This month the smallmouths will start biting - particularly on topwater. I enjoy catching smallmouths at Pickwick Lake, which shares our border with Alabama and Tennessee.

One of my favorite places to fish on Pickwick this month is below Wilson Dam, because not only will I catch smallmouths and largemouths there, but I'll also catch a number of other species of fish. I'll be fishing three main baits below the dam - a swimbait, a spinnerbait and a suspending bait.

Swimbaits
I'll be fishing a Mann's 5-inch HardNose swimbait and a Gamakatsu No. 6/0 wide-gap hook with a weight on it. When the current's running at the base of the dam, I'll move slowly in my boat and look out for rocks. I don't want to run into the rocks, but rather I want to fish the eddies that form to the sides and the backs of the rocks. By casting a swimbait past the rocks, I'll be casting toward the dam. Then I'll swim the bait downcurrent, coming with the current. The bass will be holding right behind the rocks in those calm eddies and darting out into the current to attack baitfish.

My favorite-colored swimbait is a chartreuse back with pearl sides. I'll be fishing 17-pound-test Berkley Trilene fluorocarbon line with a Pinnacle 6.4:1 gear-ratio reel and a 7 1/2-foot light flipping-action Pinnacle rod. Using this technique, I've also got a good chance of catching a 5- to 8-pound smallmouth. Five-pounders aren't unusual, and I've got a solid chance of catching a 6- or 7-pounder. Most of the smallmouths will be in the 3- to 5-pound range. I'll also catch a number of drum that will weigh 8 to 20 pounds each and stripers in the 5- to 20-pound range. I'll catch largemouths weighing from 1 1/2 to 6 pounds each.

Spinnerbaits
Another lure I'll be fishing is the 3/4-ounce Mann's Classic spinnerbait on 20-pound-test fluorocarbon line with a No. 5 gold-colored willowleaf blade behind a No. 3 nickel-plated Colorado blade. The skirt will be chartreuse/white, and I'll have a white twin-tail grub as a trailer. I'll cast the spinnerbait upstream, slow-roll it around the rocks, let the spinnerbait ride the current and then wash through the rocks. Now, if I see the smallmouth busting bait on the surface, I'll pick up that spinnerbait and cast it toward the surfacing smallmouth, running the lure just under the surface of the water. I'll be fishing the spinnerbait on the same rod I used with the swimbait.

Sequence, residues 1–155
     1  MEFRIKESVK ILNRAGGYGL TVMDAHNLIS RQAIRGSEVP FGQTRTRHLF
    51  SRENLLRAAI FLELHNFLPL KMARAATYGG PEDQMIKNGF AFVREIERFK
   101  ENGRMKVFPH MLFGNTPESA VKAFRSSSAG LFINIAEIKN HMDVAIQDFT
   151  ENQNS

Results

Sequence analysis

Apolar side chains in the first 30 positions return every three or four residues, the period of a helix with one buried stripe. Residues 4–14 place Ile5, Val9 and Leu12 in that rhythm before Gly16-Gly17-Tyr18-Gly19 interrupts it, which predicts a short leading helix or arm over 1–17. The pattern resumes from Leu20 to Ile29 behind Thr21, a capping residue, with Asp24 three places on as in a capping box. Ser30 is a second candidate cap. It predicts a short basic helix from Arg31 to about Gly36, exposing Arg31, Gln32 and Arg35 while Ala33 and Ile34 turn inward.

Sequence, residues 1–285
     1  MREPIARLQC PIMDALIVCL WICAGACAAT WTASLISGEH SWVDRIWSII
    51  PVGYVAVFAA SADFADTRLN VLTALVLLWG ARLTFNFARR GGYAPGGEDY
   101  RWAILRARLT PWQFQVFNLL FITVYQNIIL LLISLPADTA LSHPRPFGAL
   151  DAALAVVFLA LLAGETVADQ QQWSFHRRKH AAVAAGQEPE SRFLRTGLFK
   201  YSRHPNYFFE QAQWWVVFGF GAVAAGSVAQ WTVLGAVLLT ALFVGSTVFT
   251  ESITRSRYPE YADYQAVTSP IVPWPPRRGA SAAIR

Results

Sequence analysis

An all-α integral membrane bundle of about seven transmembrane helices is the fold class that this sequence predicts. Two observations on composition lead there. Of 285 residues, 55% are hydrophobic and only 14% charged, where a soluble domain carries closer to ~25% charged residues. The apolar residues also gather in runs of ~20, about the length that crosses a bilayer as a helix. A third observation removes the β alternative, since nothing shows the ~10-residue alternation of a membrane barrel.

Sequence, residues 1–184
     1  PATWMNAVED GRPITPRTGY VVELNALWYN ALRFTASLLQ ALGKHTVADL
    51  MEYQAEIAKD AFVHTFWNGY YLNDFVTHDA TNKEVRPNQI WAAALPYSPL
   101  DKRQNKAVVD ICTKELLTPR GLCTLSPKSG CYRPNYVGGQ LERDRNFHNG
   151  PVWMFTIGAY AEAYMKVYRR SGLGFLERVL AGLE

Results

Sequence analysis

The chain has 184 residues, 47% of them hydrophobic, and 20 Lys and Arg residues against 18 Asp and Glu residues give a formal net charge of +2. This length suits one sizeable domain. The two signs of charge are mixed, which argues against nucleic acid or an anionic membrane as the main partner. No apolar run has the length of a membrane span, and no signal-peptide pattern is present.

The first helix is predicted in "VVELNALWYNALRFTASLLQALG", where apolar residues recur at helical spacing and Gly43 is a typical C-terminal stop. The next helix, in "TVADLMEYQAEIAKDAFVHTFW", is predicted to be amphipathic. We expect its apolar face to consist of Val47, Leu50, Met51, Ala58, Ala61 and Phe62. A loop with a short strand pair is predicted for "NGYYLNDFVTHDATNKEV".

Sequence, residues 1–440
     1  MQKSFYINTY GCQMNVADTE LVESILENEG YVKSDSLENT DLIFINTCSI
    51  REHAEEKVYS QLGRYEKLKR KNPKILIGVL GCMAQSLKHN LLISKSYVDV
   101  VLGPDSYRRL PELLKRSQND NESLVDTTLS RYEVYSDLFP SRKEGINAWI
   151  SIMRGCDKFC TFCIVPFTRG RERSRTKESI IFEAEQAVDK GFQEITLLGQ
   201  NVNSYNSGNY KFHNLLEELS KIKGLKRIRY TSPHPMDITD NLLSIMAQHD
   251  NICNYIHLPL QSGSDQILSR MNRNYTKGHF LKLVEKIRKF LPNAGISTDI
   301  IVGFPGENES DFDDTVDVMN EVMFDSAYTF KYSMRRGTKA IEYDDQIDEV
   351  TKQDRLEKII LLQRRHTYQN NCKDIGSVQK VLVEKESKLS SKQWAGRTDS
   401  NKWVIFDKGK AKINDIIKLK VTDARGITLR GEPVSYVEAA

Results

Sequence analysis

Suspending baits
I'll fish a 4-inch chartreuse-shad two-treble-hook suspending bait on 10-pound-test fluorocarbon line and a spinning reel with a 7-foot, 2-inch Pinnacle spinning rod. Again, I'll be casting upstream around the rocks. When the bait hits the water, I'll start reeling it hard seven or eight times to get the bait down. Then I'll stop the bait for about a three-count, let it ride the current, jerk it and reel it as fast as I can five or six times before I stop the bait and allow it to suspend once more for about a three-count. I'll fish this lure all the way back to the boat by jerking it hard and bringing it back to the boat really fast.

Baits for downriver
I prefer to fish the shoreline cover 2 miles on either side of the Natchez Bridge. One of my favorite lures to fish here will be the Heddon Zara Spook. I'll be fishing on the ends of bars, especially the bars with a lot of grass on them, and outside the weedline on the bars with a clear Zara Spook.

The trick to the Zara Spook in October is to work it fast all the way back to the boat. Don't ever stop the bait. The good news about fishing this area is you can catch the bass whether the current's running or not. Naturally the bass will bite better when the current's running.

I start fishing about 50 yards before I reach the point of the bar, and then I'll fish all the way around the bar. Finally I'll fish 50 yards below the bar. Most of these bars will be 4- to 8-feet deep, and the grass will be all the way up to the surface. I'll be able to see the grass, so I'll be fishing that Zara Spook right on the edge of the grass.

I'll also be fishing a Mann's Super Frog and HardNose Swim Toad on top of the grass with 40-pound-test braided line, a 7-foot, 11-inch flipping rod and a 6.4:1 gear-ratio Pinnacle reel. I like a black/white frog and let the bass tell me which color they prefer.

Most of my strikes will come within 15 feet of the edge of the grass. I'll wait until I feel the bass before I try to set the hook. With the frog, I'll mostly catch largemouths, but with the Heddon Zara Spook, I'll catch a mixture of largemouths and smallmouths.

At this time of year, the bass will be really active, and I expect to catch and release at least 20 that will weigh from 1 1/2 to 6 pounds or more each. The perfect October day to fish will be an overcast day with a little wind. But don't stay at home if you have a bright sunny day, because those bass still will be biting.

You'll always catch more bass at Pickwick when the current is running.